My son, Ben, lives in Austin, Texas, which is great because Austin is one of those amazing cities that you love to have an excuse to visit. It bills itself as the “live music capital of the world,” but also boasts great restaurants and bars, outdoor recreation, the University of Texas and the State Capitol, plus a vibrant economy kept humming by the hordes of young professionals drawn to the city and it’s glamour.
On my most recent visit, I finally got around to one of the less well known attractions—the LBJ Presidential Library.
I know what you’re thinking, “You’re in Austin and you go to a library?” A fair question, but any history buff knows that Johnson’s presidency (1963-1969) came during one of our country’s most tumultuous and significant periods—the Kennedy and King assassinations, Vietnam, civil rights.
Those events and much more are covered in a 10-story building of monolithic design located on a 30-acre site on the University of Texas campus.
At the library’s dedication in 1971, Johnson said, “It’s all here with the bark off.” But that wasn’t quite true. The New York Times, in a review of the library later that year, complained that there was “barely any mention of the war in Vietnam.”
The library has evolved and now the war is covered in detail, including Johnson’s confession in a private conversation that Vietnam was “a hell of a mess.” Still, as a more recent reviewer said, the war is covered more as a tragedy than a mistake in judgment.
The Johnson presidency is understandably remembered primarily for the war and, as a result, his stunning speech in March 1968, two months after the Tet Offensive, where he declared he would not seek re-election. But a visit to the Johnson Library is an appropriate reminder that Johnson was about more than Vietnam.
There are multiple exhibits detailing Johnson’s landmark Civil Rights Act of 1964 that outlawed discrimination, the 1965 Voting Rights Act and his appointment of Thurgood Marshall, the first black Supreme Court Justice. These were controversial and politically challenging moves where Johnson had to use all of his extensive powers of persuasion.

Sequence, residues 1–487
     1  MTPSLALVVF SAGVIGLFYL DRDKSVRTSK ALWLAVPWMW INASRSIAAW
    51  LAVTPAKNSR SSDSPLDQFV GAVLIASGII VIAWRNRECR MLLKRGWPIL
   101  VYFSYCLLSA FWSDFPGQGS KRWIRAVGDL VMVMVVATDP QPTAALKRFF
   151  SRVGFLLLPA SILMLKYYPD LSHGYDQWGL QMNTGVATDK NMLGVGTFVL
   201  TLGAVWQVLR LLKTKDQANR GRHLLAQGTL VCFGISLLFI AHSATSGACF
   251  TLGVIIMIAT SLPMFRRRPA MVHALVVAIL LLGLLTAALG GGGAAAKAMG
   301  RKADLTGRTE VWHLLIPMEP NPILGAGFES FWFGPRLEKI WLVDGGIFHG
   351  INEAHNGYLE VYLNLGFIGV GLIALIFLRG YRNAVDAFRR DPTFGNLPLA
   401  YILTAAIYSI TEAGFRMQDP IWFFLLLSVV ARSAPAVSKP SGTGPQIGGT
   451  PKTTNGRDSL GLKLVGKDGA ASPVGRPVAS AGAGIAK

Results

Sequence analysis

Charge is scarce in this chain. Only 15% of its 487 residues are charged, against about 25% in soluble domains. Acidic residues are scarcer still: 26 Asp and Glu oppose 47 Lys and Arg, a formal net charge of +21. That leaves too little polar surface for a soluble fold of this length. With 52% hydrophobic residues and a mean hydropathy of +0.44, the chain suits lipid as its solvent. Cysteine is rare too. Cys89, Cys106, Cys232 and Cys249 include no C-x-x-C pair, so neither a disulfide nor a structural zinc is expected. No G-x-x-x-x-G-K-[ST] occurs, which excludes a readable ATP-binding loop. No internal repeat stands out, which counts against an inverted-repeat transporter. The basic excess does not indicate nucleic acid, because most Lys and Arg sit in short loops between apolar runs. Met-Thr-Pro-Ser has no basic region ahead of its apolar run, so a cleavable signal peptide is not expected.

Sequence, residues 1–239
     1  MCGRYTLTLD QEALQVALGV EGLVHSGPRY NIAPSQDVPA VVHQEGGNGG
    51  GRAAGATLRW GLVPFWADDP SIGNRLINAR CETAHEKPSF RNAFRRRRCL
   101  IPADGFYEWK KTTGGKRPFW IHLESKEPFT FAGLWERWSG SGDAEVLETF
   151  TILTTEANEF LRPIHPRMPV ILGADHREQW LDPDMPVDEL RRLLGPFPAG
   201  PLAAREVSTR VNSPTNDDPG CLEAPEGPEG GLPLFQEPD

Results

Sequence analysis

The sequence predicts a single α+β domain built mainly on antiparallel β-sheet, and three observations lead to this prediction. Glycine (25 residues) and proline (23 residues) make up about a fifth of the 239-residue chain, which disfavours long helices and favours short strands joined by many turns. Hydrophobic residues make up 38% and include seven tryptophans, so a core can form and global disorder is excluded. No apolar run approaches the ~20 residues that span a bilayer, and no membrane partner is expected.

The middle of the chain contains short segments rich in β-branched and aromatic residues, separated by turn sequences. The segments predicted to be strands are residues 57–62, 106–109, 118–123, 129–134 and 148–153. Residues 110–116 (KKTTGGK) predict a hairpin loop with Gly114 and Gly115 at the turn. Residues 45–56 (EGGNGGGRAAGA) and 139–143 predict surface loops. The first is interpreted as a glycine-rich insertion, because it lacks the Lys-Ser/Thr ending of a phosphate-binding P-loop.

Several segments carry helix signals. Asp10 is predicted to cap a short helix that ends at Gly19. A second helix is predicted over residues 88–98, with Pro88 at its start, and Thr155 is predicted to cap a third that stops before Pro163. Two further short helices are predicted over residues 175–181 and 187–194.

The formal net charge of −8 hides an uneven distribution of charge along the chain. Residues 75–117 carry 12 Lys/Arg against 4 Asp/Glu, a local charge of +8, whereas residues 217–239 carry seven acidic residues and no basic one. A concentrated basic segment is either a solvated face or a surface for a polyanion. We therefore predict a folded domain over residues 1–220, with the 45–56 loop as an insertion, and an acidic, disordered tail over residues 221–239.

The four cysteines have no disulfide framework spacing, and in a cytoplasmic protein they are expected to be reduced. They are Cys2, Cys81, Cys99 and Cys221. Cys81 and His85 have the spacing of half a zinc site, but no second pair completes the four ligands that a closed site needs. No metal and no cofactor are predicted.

Albert Hunt, in his piece in the Times, “Remembering LBJ for More Than Vietnam,” wrote of Johnson’s “cajoling, charming, manipulating” that were necessary to pass the Civil Rights Act. “He understood the egos, frailties and needs of lawmakers.”
Johnson also signed into law Medicare and Medicaid. Today, both programs face serious financial challenges, but they remain cornerstones of healthcare in this country. Johnson said at the bill signing, “And through this new law… every citizen will be able, in his productive years when he is earning, to insure himself against the ravages of illness in his old age.”
For me, the most poignant exhibits were portions of private phone calls that Johnson recorded in the Oval Office. In one, Johnson speaks warmly to Jackie Kennedy just weeks after the assassination of her husband, President John F. Kennedy. Jackie confesses that she’s received more letters from Johnson since the tragedy than she received in a lifetime from her husband.
There’s much, much more to the library—the magnificent Great Hall where 45-million pages of archives occupy four floors, an exact replica of the Johnson Oval Office, his presidential limousine, a section dedicated to his wife, Lady Bird, along with artifacts, pictures and memorabilia from Johnson’s life.
No, all of the bark is not off of Johnson in the Library, but presidential libraries tend to emphasize achievements, while treating controversies gingerly. However, for anyone interested in the life and times of a man whose presidency has had a lasting legacy on the country, the LBJ Library is great way to spend a hot afternoon in Austin.